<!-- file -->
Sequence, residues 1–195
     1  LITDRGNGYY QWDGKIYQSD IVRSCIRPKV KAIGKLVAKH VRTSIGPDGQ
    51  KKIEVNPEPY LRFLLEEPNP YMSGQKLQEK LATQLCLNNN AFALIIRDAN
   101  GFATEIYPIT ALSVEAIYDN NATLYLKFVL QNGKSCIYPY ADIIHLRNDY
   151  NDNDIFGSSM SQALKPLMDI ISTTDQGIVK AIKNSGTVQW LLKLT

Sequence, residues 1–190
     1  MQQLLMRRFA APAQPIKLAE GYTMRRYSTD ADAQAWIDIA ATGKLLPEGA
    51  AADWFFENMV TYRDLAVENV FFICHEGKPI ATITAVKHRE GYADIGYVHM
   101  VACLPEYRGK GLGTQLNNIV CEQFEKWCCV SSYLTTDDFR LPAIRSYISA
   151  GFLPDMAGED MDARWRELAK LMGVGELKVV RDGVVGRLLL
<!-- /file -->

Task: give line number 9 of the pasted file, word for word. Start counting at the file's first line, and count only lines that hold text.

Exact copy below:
   101  VACLPEYRGK GLGTQLNNIV CEQFEKWCCV SSYLTTDDFR LPAIRSYISA